Discover the early career of the trailblazing artist, Dame Laura Knight
A unique exhibition at the Pannett Art Gallery, Whitby
As part of its programme of anniversary celebrations and made possible by money raised by National Lottery players, the Pannett Art Gallery has a unique display of artworks on show throughout much of 2020. A National Lottery Heritage Fund grant has enabled the gallery to present a wonderful selection of art works that illustrate the importance of the North East Coast and the Staithes Group of Artists on the artistic development of Dame Laura Knight RA (1877 – 1970).
The exhibition of works by Laura and her husband Harold, painted during their time at Staithes includes the beautiful and enigmatic painting of Laura, by Harold, painted at about the time of their marriage. This fabulous oil painting was recently purchase for Whitby, thanks to grants from Art Fund, Arts Council England/V&A Purchase Grant Fund and a very generous benefactor, Mr George Bednar. The display also features a small selection of their paintings and sketches depicting life in Staithes at the beginning of the 20th Century.
Alongside these pictures, visitors can see works by the other members of the Staithes Group of Artists. To complement these and to build a wider picture of this artists achievements, additional works by Laura Knight will be going on display throughout the year.
You can see “Laura Knight at Staithes” at the Pannett Art Gallery, 9.30am – 4.30pm (last admission 4pm), Tuesday – Sunday, until 1st November 2020. There is no charge for admission.
How they came to be painting at Staithes
The Staithes Group of Artists developed when the railway extended to Staithes, bringing visitors from outside the area. Artists were attracted to the area, some visiting regularly, others setting up home locally, and a small group started exhibiting together as the Staithes Art Club 1901 – 1907, including Laura (nee Johnson) and Harold Knight.
The youngest of three daughters, Laura Johnson grew up in a low-income family with strong female role models, her mother Charlotte and her grandmothers.
Charlotte Johnson taught part-time at the Nottingham School of Art, where Laura was enrolled as a student from the age of 13.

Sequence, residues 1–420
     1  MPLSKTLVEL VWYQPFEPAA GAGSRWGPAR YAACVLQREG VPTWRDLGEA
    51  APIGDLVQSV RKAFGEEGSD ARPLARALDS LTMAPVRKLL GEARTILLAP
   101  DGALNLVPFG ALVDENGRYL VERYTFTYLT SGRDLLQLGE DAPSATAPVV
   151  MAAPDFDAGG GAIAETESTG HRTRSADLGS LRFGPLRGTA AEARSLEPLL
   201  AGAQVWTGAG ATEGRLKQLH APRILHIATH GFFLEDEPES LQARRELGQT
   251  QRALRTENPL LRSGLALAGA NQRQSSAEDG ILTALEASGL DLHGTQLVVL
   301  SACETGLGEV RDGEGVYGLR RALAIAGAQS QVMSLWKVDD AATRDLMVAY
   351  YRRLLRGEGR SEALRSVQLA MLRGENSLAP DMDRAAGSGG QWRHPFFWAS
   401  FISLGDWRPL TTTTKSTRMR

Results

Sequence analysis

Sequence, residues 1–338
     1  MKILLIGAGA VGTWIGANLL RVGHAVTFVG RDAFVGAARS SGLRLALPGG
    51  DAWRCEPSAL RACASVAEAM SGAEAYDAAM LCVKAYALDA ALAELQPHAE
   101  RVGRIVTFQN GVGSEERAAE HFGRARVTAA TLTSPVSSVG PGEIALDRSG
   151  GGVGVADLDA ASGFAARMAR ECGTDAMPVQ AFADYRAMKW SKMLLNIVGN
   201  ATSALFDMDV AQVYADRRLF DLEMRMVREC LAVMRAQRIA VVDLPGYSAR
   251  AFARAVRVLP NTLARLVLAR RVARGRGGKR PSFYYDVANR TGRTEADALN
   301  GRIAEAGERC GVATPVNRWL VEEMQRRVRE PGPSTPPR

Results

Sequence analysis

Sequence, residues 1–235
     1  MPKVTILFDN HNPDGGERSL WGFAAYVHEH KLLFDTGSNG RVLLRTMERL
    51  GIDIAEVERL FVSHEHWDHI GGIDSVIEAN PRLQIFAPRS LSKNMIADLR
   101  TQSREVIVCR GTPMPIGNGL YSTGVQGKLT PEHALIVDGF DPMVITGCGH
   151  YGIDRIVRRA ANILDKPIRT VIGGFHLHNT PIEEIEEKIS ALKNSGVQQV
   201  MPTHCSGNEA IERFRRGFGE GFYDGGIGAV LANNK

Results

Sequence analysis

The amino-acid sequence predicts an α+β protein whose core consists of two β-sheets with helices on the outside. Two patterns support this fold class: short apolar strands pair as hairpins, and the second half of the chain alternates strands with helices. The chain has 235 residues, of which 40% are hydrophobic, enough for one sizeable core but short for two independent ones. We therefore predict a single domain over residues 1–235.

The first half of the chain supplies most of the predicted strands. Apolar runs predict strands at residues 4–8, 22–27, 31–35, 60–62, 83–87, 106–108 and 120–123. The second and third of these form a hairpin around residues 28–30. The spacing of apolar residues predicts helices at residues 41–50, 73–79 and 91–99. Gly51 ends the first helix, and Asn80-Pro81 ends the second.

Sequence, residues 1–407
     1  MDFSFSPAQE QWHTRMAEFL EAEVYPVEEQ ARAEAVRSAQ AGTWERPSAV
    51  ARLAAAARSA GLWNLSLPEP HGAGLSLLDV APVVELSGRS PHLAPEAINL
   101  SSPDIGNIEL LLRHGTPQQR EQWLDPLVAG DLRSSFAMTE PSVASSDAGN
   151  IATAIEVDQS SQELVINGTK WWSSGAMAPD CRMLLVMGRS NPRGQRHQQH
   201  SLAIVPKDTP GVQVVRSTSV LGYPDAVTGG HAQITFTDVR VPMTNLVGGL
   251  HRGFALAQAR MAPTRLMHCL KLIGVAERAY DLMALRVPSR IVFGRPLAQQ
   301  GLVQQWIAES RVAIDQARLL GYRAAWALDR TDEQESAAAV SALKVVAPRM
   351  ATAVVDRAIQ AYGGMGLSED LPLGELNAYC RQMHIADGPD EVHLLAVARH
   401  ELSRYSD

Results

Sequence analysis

At Nottingham School of Art, Laura met one of the most promising students, Harold Knight, then aged 17. A friendship developed, blossoming into romance and they married in 1903. Harold was a major influence on Laura’s work, particularly her early painting. Together Laura and Harold visited Staithes and soon returned to live and work there, quickly becoming members of the Staithes Art Group. This period, from 1897 until 1907, was a significant, but often overlooked, period of Laura’s career.
In Staithes Laura painted local people at work, depicting the hardships of fishing and farming as well as documenting the local children at play. Working outdoors Laura developed a freer style, capturing the realities of life.
Laura’s Career after Staithes
Laura and Harold Knight left Staithes in 1907, moving to Cornwall to join the Newlyn artist colony. There Laura’s style developed further, her paintings becoming much lighter and more colourful.
Laura befriended, and was inspired by, working people from all walks of life. Throughout her career she sketched and painted the world of theatre, circus and ballet as well as women at work in the Second World War and people from marginalised communities. Her strength & individuality led to her becoming an official war artist at the Nuremberg Trials.
In 1929 Laura was created a Dame and in 1936 she became the first woman elected to the Royal Academy since its foundation. Her large retrospective exhibition at the Royal Academy, in 1965, was another first for a woman.
Laura Knight was unconventional, inspirational and influential. She succeeded as an artist in a male dominated art world. She was one of the most successful painters in Britain during her lifetime, helping to pave the way for other women to gain greater recognition in the future.